Herrington, 83, served as mayor from 1974-81, before the Eastside population boom reshaped Issaquah from a former coal-mining and logging settlement into a center for high-tech and service industries. Later city leaders credited Herrington for creating a City Hall culture more responsive to citizens’ concerns.
“One of the things I learned from him is that you can disagree without being disagreeable,” former Mayor Rowan Hinds said.
Compassion also defined Herrington’s legacy. In 1977, the then-mayor spearheaded Community Enterprises of Issaquah, a predecessor to AtWork! — a nonprofit organization dedicated to skills training and job placement for disabled people.
April 24, 2012
Apparently they were no fools to marry on April 1, 1962!
Rowan and Barbara met at Oregon State University in Corvallis, Ore., in 1960. Rowan was in the Army Reserve Officers Training Corps, and upon graduation in 1962, he was commissioned a second lieutenant and they got married. Their honeymoon was a cross-country trip to Augusta, Ga., where he attended basic officer’s school at Fort Gordon.
After more schooling at Fort Monmouth, N.J., Rowan was sent to France, where Barb joined him a few months later. They spent one year in France followed by two years in Germany before returning to Corvallis, where Rowan obtained his master’s degree.
In 1967, they moved to Longview when Rowan took a position with Northern Pacific Railway Timberlands (now Plum Creek Timber), and Barbara concentrated on building their first home and raising their toddler with a second on the way.
February 15, 2011
Issaquah sister-city bond fosters cross-cultural understanding in Morocco — and at home
The grand and imposing door, set amid brick buildings and evergreens in downtown Issaquah, offers clues from a far-off place.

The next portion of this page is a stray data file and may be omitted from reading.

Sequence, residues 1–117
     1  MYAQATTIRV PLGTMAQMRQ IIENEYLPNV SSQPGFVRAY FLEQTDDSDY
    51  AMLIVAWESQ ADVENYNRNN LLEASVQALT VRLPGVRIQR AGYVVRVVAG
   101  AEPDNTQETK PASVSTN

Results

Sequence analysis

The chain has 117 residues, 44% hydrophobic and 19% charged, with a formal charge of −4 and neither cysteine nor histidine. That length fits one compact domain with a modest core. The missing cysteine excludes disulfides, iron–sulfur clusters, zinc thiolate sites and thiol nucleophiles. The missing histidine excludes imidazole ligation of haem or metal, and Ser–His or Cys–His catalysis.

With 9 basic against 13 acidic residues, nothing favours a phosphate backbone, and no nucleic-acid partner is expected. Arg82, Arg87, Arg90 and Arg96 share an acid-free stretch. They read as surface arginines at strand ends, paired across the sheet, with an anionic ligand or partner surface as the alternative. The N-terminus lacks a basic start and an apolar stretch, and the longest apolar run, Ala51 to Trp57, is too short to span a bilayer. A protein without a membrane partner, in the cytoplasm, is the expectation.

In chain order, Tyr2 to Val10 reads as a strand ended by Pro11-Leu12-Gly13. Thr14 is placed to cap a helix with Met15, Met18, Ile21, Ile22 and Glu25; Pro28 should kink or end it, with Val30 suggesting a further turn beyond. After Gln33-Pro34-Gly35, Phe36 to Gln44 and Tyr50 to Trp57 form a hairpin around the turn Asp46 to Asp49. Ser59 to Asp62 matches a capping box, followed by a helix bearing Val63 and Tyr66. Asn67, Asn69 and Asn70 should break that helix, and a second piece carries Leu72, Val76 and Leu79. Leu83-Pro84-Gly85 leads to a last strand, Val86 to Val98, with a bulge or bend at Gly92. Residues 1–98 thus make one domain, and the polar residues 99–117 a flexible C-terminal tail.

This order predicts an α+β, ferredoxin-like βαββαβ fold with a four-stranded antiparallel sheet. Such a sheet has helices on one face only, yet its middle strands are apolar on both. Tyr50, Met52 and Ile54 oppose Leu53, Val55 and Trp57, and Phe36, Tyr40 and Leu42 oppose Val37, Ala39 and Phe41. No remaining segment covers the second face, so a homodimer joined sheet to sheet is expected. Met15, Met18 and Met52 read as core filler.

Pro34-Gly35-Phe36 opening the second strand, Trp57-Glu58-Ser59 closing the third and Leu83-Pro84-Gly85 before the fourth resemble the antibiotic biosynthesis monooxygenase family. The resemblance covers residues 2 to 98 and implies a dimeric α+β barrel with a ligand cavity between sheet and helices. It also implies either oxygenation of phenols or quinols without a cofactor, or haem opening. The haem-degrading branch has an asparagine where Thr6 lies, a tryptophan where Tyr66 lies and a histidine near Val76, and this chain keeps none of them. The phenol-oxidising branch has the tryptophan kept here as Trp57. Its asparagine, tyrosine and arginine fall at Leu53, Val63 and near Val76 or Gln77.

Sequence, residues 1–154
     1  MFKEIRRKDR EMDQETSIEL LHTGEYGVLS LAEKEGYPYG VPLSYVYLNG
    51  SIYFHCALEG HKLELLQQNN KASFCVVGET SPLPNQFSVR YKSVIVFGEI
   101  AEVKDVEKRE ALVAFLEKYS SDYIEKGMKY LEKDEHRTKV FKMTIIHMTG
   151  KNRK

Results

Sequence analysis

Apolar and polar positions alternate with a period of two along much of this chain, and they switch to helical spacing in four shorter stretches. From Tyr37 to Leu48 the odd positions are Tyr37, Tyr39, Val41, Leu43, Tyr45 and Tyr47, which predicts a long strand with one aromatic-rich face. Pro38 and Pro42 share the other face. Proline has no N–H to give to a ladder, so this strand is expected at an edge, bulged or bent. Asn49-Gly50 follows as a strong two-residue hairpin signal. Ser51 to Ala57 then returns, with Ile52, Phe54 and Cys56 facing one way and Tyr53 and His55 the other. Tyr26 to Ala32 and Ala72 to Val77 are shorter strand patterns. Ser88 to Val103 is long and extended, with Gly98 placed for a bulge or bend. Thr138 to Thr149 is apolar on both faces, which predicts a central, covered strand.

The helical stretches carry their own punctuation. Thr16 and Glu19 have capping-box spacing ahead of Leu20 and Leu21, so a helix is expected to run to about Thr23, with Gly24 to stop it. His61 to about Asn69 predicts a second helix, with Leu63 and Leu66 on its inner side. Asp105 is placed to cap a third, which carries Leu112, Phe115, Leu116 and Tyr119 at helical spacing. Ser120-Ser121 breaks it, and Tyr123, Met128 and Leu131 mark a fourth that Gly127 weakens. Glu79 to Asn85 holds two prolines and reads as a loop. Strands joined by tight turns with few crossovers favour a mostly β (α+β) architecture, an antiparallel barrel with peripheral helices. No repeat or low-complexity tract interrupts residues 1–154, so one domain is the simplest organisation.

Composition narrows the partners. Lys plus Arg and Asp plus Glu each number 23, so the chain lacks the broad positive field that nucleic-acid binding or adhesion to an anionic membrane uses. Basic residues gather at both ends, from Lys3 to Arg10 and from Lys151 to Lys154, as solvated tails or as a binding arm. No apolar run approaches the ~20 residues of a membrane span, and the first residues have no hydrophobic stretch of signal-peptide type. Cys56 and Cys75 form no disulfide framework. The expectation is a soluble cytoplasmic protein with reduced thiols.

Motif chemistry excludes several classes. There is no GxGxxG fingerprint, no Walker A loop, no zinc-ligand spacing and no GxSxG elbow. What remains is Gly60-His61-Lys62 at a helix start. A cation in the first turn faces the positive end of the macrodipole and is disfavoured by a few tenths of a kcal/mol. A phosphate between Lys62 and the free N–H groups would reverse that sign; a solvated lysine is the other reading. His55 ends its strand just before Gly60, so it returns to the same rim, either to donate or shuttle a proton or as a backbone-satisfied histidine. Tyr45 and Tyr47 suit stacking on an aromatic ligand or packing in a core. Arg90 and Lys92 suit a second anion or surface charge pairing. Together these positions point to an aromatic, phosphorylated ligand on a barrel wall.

The door is as solid as the Rock of Gibraltar and built to endure for ages. The place is ancient.
The door is painted in the same soothing blue as a summer sky over the Mediterranean. The place is exotic.
The door is a gateway. The place is Chefchaouen, Morocco.
The door on the Issaquah City Hall grounds is a gift from Chefchaouen, a sister city almost 6,000 miles from the Cascade foothills.
The relationship is a study in contrasts.
Suburban Issaquah is perched on the outer rim of Greater Seattle. Chefchaouen is isolated in mountainous terrain, 100 miles from the nearest major city, Tangier. Chefchaouen is in Muslim-majority Morocco. Issaquah is in the secular United States.
Issaquah and Chefchaouen inked a sister-city agreement in 2007.
June 29, 2010
Every trip through a cavernous Costco Wholesale warehouse feels like a treasure hunt.
The company brings Dom Pérignon and Bud Light, platinum-set diamonds and scoopable cat litter, Prada handbags and Michelin tires together under the same flat roof.
The quest has been carefully designed for shoppers — 57.4 million Costco members worldwide. Shoppers must traverse vast retail plains and scan the jungle of exposed metal shelves for bargains in order to find loot — discounted Ugg boots, say, or smoked salmon.
Inside the Issaquah warehouse, customers hunt for deals in a retail ecosystem spread across 155,000 square feet. Costco cachet knows no class, no income. Part of the appeal, executives and industry watchers said, stems from the treasure hunt concept. Shoppers return to Costco for basics, yes, but also for the thrill of a surprise bargain.
“No matter what level of economic strata you are, you like good stuff,” company Chief Financial Officer Richard Galanti said. “Now, sometimes you have to choose to buy the chicken versus the steak, but the fact is, we’ve got some great stuff.”
The philosophy has made the Issaquah-based company the third largest retailer in the United States, the eighth largest on the planet and No. 25 on the Fortune 500.